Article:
The Marlins are supposed to be continuing their “home stand” tonight with a three-game set against the Seattle Mariners. Unfortunately, the band U2 got in the way and kicked the Marlins out of town, which just goes to show you where the priorities of Sun Life Stadium lie. Nevertheless, the Fish will still have a three-game set against the Mariners, but it will be a “home game” away from home and at Safeco Field. Oh, and we’re still losing plenty right now.
By the way, no live chat tonight! I don’t do them on the West Coast trips on account of it being way too late to be discussing disappointing Marlins baseball. Look out for one next week.
Florida Marlins @ Seattle Mariners (37-38), June 24-26, Games 76-78
NL East Standings
Stadium: Safeco Field
Five-year Run PF*: 0.97
Five-year HR PF*: 0.95
Left Field: 331 ft.
Center Field: 405
Right Field: 326
*Five-year regressed park factors provided by Patriot here
Projected Pitching Matchups
ZiPS In-Season Projections
|ERA||Proj. FIP||Win%||Marlins||Date||Mariners||Win%||Proj. FIP||ERA|
|Lineup||Player||Current wOBA||Proj. wOBA v. RHP||Proj. wOBA v. LHP|
|1||Dewayne Wise / Emilio Bonifacio||.301 / .318||—||.305|
|6||Greg Dobbs / Jose Lopez||.340 / .226||.319||—|
- Here’s your pitching matchup of the series:
Part of the allure of this matchup is watching King Felix pitch; simply put, he is one of the most amazing pitchers in the league right now. Part of it is also the fact that the ever-puzzling Ricky Nolasco will be on the mound. His last five starts have him at an 8.20 ERA (4.11 FIP). Nolasco recently issued an uncharacteristically large number of walks, but outside of that seemed like a semblance of his normal self. Of course, a .417 BABIP does not help either. Hopefully he can turn things around, because Felix Hernandez will definitely do a good job against the current Marlins hapless offense.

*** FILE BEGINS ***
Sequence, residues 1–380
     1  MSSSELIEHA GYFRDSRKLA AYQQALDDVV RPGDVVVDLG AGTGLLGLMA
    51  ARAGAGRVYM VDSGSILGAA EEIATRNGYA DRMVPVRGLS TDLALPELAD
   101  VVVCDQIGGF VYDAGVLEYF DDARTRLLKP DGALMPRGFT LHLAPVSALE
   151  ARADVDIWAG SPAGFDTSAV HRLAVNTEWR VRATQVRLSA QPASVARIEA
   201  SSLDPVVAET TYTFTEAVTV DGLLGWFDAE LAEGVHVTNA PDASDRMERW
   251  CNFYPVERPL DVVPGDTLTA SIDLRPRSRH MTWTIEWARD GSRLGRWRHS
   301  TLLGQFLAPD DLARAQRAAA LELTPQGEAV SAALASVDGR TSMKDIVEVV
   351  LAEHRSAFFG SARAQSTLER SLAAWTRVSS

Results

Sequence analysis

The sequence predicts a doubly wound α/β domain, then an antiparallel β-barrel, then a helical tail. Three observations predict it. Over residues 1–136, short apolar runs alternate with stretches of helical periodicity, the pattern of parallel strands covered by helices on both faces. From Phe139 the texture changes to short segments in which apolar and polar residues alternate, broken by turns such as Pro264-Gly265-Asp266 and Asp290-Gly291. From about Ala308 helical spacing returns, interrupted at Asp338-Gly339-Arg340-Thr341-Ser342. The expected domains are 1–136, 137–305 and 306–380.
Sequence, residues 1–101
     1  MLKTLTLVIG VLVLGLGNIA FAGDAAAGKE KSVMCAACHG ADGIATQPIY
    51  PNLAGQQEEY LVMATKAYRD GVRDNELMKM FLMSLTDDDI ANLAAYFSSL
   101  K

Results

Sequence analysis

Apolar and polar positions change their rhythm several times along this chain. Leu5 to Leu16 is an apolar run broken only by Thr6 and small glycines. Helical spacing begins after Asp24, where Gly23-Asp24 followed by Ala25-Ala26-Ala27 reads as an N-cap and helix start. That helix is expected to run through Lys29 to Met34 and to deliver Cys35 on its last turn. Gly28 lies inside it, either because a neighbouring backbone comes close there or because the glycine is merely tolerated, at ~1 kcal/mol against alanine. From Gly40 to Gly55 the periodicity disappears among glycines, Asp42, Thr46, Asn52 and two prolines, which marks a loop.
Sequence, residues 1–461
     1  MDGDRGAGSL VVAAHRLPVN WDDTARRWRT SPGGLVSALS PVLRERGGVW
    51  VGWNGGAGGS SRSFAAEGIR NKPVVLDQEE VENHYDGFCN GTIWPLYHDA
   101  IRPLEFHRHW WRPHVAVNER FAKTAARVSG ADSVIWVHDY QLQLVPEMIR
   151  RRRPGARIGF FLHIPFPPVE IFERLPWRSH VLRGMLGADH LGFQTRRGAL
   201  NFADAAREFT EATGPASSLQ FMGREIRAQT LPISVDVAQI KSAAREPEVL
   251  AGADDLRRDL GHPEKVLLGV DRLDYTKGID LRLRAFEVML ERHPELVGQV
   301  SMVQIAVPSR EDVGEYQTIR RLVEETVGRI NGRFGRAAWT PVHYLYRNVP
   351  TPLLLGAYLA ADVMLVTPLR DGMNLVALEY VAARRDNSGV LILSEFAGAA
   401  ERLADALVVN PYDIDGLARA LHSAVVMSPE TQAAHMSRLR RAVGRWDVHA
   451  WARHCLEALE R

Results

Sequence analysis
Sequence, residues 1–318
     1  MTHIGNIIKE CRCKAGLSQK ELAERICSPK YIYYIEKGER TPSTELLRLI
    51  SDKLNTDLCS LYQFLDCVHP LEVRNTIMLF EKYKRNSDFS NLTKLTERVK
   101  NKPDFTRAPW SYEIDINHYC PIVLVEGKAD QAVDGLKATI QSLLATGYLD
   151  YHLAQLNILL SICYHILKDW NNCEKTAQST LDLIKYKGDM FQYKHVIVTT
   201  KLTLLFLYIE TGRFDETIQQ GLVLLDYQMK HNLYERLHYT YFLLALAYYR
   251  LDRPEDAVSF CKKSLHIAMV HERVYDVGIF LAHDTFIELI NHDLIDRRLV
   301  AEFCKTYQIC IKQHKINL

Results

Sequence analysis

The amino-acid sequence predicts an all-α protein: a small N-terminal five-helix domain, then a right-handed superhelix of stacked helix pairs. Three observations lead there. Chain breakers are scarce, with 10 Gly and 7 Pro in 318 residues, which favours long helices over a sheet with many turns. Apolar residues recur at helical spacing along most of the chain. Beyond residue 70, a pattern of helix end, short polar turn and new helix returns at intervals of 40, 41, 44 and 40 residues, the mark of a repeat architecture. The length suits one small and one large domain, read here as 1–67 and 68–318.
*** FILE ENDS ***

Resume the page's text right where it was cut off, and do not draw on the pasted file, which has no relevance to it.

- I like the idea Jack McKeon has in putting Hanley Ramirez at the cleanup spot. If you thought that Ramirez was what his current stats say he is, then clearly it isn’t a smart move. But obviously Ramirez simply is not this bad, and putting him in the cleanup spot shows that McKeon and the coaches have confidence in Ramirez’s ability to bounce back. In the last two games, he delivered two base hits in each game and brought home a couple runners along the way, so hopefully those are signs of a recovery. I personally will not feel great about his condition until I see some homers leave the park, however.
- Ramirez isn’t the only one struggling. Quietly, Omar Infante has improved, but there is only so much you can do to go down until you are forced to improve or be booted from a starting spot, and Infante was almost at the bottom of the barrel. John Buck is similarly struggling and making all the pundits who thought the offseason signing was a bad idea look very smart. The Fish do not currently have enough weapons to contend with players like Buck and Infante playing well below their expectations.
- As much as I like McKeon’s move to bat Ramirez cleanup, I cannot support the continual mess that is running DeWayne Wise and Emilio Bonifacio at leadoff. Speed does not necessarily correlate with good leadoff results, and managers should know that by now.
Bold Prediction: Marlins win one of three games.